Desert Cottontail Facts: Animals of North America

The desert cottontail looks very similar to the eastern cottontail but is smaller and paler.

5. Physical Description

The Dessert Cottontail (scientific name Sylvilagus audubonii), which is also frequently known as Audobon’s Cottontail, is found throughout much of North America, being specifically common in Baja California (Mexico, Central Nevada, and Western Texas. Cottontails are small game mammals called such because of the cotton ball-like characteristic of its dark and white furred tail. They have large eyes and hind feet, brown to light colored fur with a patch of orange along its throat and whitish underside of the body. They usually grow up to 17 inches in length, weighing no more than three pounds. Unlike most animals, the female individuals are typically heavier than are their male counterparts.

4. Diet

Cottontails are predominantly herbivores, that is to say they feed solely on plants. They are unique from many other rodents in that they eat while sitting upon all fours. Grasses make up roughly 90 percent of their diets, although they have been known to feast on the stems, leaves, and buds from a wide variety of shrubs and rushes. Buttercup, goldenrod, chickweed, cinquefoil, and plantain are among their most loved food sources during the summers, along with violets, sheep sorrel, and smartweed. Cottontails prefer to forage for food at dusk and during the early morning, as this is when most of the bigger animals and predators in their habitats are either resting or have contentedly finished with their meals. They are often seen quickly hopping from one place to another, feeding on the seedlings of woody vegetation like silky dogwood, fox grape vines, cherry trees, apple trees, and birch.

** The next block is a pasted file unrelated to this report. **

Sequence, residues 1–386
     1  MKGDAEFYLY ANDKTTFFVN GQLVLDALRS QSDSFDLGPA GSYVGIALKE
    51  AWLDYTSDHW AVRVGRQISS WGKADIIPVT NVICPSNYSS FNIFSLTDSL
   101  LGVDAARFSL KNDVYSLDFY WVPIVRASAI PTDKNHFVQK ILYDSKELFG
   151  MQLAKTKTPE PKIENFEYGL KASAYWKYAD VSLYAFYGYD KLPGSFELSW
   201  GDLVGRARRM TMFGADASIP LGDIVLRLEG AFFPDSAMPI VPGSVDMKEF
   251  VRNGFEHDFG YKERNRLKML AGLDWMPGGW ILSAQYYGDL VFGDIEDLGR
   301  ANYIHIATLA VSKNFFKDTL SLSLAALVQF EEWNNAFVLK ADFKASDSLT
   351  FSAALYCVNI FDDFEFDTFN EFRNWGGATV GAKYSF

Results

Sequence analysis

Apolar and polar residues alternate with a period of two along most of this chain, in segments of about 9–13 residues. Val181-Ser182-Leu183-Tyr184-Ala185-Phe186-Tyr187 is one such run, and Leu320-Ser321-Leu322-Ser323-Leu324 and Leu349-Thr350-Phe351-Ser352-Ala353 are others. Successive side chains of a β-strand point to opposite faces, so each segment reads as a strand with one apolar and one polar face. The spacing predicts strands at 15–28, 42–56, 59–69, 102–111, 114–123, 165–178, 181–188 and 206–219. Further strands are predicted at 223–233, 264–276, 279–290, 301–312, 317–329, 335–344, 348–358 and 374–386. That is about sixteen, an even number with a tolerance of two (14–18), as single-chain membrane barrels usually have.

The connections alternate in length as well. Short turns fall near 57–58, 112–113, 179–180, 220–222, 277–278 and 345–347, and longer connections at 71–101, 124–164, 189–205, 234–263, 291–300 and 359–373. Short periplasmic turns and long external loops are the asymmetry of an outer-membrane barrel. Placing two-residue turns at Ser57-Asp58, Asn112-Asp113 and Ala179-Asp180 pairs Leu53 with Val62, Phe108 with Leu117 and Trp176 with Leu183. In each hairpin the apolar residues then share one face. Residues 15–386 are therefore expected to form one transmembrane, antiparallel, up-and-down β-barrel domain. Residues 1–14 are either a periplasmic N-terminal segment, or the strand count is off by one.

3. Habitat and Range

Cottontails prefer the arid vast lands and woodlands of Nevada, Texas, and Mexico hence the addition of the word "desert" to their common name to differentiate them from other cottontails. During the daytime, they prefer to stay inside of holes and under heavy brush in order to hide from their many predators, which include dogs, badgers, foxes, and feral cats. These animals are prey to a host of larger animals and, if not for their remarkable ability to reproduce often, would have gone extinct long ago. At the present time, these animals are not facing the threat of extinction, although their numbers have been greatly affected by the destruction of their natural habitats, especially due to conversion of land for cattle grazing, and are also killed by small game hunters for meat, fur, and sport trophies.

2. Behavior

Cottontails are seldom solitary, although animal experts would hardly go so far as to call them sociable. They are quick-footed animals, and they prefer to stay "indoors" when not feeding on lush vegetation or looking for a mate. Their sense of hearing is uncanny. In fact, it’s one of their primary defense mechanisms against larger predators like hawks, owls, coyotes, and bobcats. Once they realize they’re being hunted, they will typically dart quickly for cover or freeze right where they are. They have also been known to escape from predators sprinting with a zigzag pattern that’s often difficult to follow, facilitated by their desert camouflage coloration and excellent vision.

1. Reproduction

Cottontails start to breed at 3 months old, with females producing between 3 and 5 litters per year, and each litter typically having 3 young ones. Nests are usually dug into the ground to protect their babies from would-be predators. These animals rarely stray too far from their birthplaces, preferring instead to build their nests in surroundings that they’re more familiar with. Gestation is only about 30 days. After birth, the young ones are fed once daily within their nests by their mothers. The young ones then leave the nests after three weeks in order to look for their own food, find their own respective mates, and reproduce themselves after around 7 more weeks.

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